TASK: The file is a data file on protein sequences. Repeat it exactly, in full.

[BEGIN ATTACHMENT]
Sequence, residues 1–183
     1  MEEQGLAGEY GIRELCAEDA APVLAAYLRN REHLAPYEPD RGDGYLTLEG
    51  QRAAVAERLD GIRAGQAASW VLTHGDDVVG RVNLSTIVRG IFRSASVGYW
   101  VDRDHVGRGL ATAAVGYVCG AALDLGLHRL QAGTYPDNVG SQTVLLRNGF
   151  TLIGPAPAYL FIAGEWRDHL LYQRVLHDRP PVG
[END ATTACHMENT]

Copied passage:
Sequence, residues 1–183
     1  MEEQGLAGEY GIRELCAEDA APVLAAYLRN REHLAPYEPD RGDGYLTLEG
    51  QRAAVAERLD GIRAGQAASW VLTHGDDVVG RVNLSTIVRG IFRSASVGYW
   101  VDRDHVGRGL ATAAVGYVCG AALDLGLHRL QAGTYPDNVG SQTVLLRNGF
   151  TLIGPAPAYL FIAGEWRDHL LYQRVLHDRP PVG